Beginning July 1, 2017, large employers in Georgia that offer paid sick leave will be required to permit their employees to use some of it to care for their immediate family members. The Georgia legislature previously had been reticent to join the growing trend of states and cities imposing paid sick leave requirements on private sector employers.1 Nevertheless, on May 8, 2017, Governor Nathan Deal signed into law a measure, commonly referred to as a “kin care law,” that will require employers that offer paid sick leave to employees—or choose to do so in the future—to allow employees to use their paid sick leave to care for their children, spouse, parents, grandparents, grandchildren or any person identified as a dependent on the employee’s most recent tax return.
How it Works
The new law, which goes into effect on July 1, 2017, applies to employers with over 25 employees and to those employees who work at least 30 hours per week. When the law takes effect, qualifying employees will be entitled to use up to 5 days of paid sick leave2 per year to care for the needs of their immediate family members. Employees still must use their sick leave in accordance with the terms of their employer’s policy and are only entitled to use accrued sick leave.
The Georgia legislature reportedly limited the definition of “employer” to employers with 25 or more employees in an effort to limit the impact on small businesses where increased use of paid sick leave is perceived to present more of a burden. The legislation also includes a carve-out for any “employee-owned” businesses, in which an employer offers an employee stock ownership plan; such companies are exempt from the requirements of the law.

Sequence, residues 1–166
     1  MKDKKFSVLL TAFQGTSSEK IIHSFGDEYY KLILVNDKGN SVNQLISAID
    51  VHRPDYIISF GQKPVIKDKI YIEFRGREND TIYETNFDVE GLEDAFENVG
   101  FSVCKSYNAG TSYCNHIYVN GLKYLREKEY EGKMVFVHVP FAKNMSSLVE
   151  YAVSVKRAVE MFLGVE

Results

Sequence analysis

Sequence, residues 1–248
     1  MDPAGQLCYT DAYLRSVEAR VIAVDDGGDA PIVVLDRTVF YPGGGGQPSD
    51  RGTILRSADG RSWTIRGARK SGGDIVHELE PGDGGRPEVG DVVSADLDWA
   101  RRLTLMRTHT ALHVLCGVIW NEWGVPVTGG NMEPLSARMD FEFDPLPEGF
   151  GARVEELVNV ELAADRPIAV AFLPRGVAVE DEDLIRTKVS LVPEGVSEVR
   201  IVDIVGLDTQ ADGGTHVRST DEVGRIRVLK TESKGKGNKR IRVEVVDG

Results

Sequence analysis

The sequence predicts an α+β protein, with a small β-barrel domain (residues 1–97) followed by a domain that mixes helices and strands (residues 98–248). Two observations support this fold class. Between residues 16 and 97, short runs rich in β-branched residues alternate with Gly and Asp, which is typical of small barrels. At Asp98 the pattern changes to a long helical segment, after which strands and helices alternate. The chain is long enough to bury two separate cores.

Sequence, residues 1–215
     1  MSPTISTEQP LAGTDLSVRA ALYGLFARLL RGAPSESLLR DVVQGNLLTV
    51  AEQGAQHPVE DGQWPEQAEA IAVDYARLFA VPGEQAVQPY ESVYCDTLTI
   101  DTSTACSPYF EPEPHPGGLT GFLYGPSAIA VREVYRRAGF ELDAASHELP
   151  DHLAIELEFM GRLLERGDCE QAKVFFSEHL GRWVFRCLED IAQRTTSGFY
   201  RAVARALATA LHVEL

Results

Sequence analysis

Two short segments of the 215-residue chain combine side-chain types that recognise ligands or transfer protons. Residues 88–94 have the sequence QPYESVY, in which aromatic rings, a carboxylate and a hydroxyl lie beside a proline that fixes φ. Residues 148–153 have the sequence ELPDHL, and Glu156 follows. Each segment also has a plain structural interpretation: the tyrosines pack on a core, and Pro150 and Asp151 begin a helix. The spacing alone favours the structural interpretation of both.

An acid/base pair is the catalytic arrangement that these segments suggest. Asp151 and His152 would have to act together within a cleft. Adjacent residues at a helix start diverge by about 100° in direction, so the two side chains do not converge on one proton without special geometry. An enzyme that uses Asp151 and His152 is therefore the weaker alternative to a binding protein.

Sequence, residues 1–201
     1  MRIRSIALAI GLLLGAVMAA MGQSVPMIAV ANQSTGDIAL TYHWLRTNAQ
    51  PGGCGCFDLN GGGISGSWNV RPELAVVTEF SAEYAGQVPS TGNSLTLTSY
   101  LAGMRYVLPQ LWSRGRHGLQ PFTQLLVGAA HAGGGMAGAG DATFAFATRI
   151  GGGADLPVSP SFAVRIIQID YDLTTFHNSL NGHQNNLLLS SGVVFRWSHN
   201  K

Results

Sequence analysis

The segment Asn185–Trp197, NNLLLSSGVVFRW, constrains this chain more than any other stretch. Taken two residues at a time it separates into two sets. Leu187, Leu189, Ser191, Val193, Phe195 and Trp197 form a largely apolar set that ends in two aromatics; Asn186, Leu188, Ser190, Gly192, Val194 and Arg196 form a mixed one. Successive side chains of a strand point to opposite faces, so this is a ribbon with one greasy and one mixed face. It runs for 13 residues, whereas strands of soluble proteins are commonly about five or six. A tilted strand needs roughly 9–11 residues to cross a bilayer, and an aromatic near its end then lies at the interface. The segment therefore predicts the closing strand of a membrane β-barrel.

Importantly, Georgia’s new law is limited to only those employers that already provide paid sick leave to their employees or that begin to do so in the future. Nothing in the new law requires an employer to offer sick leave if it otherwise does not do so, although bills that would require employers to offer paid sick leave have been introduced.3 Similarly, nothing in the law requires employers to offer a set amount of paid sick leave, nor does it require employers to permit employees to use more than five days of paid sick leave per calendar year for the care of an immediate family member. Notably, the new law does not contain any explicit enforcement provisions and explicitly states that it does not create a new cause of action against employers.
Employers that offer paid sick leave should consider preparing for the new law to go into effect this summer by reviewing their leave policies to ensure that they permit eligible employees to use up to five days of paid sick leave to care for immediate family members. Employers may want to consider training appropriate human resources representatives and managers on the new law, particularly because of its expansive definition of “immediate family member.” Employers may also want to consider the implications under the federal Family Medical Leave Act, and the obligations that may arise when an employee requires or requests paid leave to care for a family member under the new law.
Employers may want to consult with experienced employment counsel when addressing any of these issues.